Year 1, Semester 2:
- FINM8018 Doctoral Studies in Asset Pricing
- FINM8019 Doctoral Studies in Corporate Finance – Theory
Year 2, Semester 1:
- FINM8020 Doctoral Studies in Asset Pricing 2
- FINM8021 Doctoral Studies in Corporate Finance – Empirical
Three electives taken in the first year, consisting of:
- At least one of:
- At least one of:
- At most one of:
Other electives may be possible beyond those listed above. Note that not all courses are offered in all years.
In Semester 1 of the second year, PhD candidates are also required to attend Special Topics in Finance seminars. This is an advanced reading seminar series led by faculty and senior PhD candidates aimed at providing candidates with exposure to up-to-date research. This seminar series culminates in a draft proposal that will form the basis of the candidate’s thesis proposal review (see below).
PhD research component
Following the successful completion of coursework, PhD candidates undertake specialised research training and independent research. Research training begins in the second year with advanced-level seminars, where participants delve deeply into key current research papers. At the same time, PhD candidates will commence research in their chosen topic. The year culminates with the defence of the first research proposal or paper, known as the thesis proposal review (see below).
Research supervisory panel
When a PhD candidate is admitted to the program, a provisional supervisor is appointed. The provisional supervisor has the responsibility of overseeing the candidate’s progress until a supervisory panel is chosen.
The Special Topics in Finance seminar series held during Semester 1 of the second year of candidature will help facilitate the finalisation of PhD supervisory panels. The role of the supervisory panel is to assist, advise, and provide support and encouragement to the candidate for a timely and successful completion of the research thesis.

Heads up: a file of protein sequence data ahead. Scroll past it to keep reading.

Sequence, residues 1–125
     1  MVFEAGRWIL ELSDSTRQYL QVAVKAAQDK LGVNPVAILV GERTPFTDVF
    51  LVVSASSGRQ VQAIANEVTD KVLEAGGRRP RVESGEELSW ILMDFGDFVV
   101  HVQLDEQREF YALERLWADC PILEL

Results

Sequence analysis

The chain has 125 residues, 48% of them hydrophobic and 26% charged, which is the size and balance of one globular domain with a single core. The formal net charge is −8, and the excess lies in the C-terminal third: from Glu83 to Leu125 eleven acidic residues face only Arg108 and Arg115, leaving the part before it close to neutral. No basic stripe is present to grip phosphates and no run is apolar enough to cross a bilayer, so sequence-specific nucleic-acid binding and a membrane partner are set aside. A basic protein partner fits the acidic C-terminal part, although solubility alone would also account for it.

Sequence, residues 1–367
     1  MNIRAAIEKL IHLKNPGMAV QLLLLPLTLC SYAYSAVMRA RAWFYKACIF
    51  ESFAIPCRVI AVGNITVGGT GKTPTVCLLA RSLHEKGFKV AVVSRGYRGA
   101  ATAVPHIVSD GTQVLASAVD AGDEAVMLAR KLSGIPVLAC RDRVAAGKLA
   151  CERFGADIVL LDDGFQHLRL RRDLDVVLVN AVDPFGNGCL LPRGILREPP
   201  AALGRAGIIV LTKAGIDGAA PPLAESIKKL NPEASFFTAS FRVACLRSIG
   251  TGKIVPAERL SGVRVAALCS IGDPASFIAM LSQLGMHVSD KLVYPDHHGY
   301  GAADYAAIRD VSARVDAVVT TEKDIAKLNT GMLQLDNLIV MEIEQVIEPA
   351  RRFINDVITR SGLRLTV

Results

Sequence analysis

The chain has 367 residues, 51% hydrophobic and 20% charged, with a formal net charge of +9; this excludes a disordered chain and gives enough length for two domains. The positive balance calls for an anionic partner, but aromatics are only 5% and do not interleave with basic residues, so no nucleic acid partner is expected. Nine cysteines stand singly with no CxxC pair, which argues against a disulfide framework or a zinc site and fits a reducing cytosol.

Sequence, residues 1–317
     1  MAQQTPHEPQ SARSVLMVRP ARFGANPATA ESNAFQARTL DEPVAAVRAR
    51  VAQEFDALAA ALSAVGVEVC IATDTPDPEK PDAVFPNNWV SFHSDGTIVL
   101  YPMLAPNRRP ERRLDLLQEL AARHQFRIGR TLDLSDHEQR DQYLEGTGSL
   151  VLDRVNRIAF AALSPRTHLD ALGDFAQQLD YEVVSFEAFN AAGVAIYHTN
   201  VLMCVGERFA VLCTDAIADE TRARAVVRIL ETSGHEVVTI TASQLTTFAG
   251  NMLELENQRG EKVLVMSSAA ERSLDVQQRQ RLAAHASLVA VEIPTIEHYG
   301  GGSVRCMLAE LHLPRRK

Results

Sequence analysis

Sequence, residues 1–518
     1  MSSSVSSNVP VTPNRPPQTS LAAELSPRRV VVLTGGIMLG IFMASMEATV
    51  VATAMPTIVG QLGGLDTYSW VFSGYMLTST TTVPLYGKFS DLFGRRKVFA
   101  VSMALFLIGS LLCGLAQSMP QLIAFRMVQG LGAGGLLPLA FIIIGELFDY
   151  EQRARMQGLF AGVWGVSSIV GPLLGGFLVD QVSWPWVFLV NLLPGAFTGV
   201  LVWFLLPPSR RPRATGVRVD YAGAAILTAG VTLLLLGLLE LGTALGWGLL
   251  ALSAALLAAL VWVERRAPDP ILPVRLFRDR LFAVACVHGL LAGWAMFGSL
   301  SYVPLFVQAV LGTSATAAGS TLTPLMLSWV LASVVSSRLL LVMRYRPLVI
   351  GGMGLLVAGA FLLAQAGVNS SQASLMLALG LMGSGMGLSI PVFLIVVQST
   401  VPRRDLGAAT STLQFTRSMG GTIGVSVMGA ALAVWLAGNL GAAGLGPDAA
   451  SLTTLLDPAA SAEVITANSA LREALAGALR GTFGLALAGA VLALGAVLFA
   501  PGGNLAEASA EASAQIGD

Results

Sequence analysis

RSFAS finance seminar program
The RSFAS finance seminar program consists of regular seminars presented by national and international researchers. PhD candidates are expected to attend and actively participate in the seminars throughout their candidature.
Research integrity training
Within three to six months of enrolment, all PhD candidates must complete the Research Integrity Training and pass the exam. Completion of this course and exam is a compulsory milestone for all PhD candidates.
Thesis proposal review
The thesis proposal review is a major milestone towards the end of the second year. The purpose of the review is to assess the originality, significance, adequacy and achievability of the candidate’s thesis plan.
PhD candidates are required to submit a draft thesis proposal following completion of the Special Topics in Finance seminar series towards the end of Semester 1 in the second year of their candidature. The proposal includes a description of the research to be undertaken in the thesis, and a summary of the thesis structure and time plan. Candidates are required to give a presentation to the RSFAS faculty and submit a paper to their supervisory panel.
Successful completion of the thesis proposal review (as determined by the Delegated Authority following consultation with the HDR convenor and supervisory panel) is required to continue in the PhD program.
Annual progress reviews
It is University policy that each candidate’s progress be reviewed periodically. In each year of their program, PhD candidates are required to submit an annual plan and report as a basis for periodic progress review. This document provides details on work completed by the candidate since the previous review, current progress, and any problems that may impact their research. It also outlines the coursework and research the candidate intends to undertake in the following 12 months.
In their final year, candidates are required to give a final oral presentation on their research, usually three months before submitting their thesis.
Read more about research candidate milestones.
Thesis submission and examination
The culmination of the PhD in Finance is a written thesis which, upon completion, is submitted for examination. The thesis is assessed by examiners who are experts in the relevant field.
For more information on the process, visit our page on submitting a thesis.
For information about scholarships available to HDR candidates, visit our page on scholarships and fees.
Read details of some of our alumni’s recent job placements.
See our list of current Finance PhD students.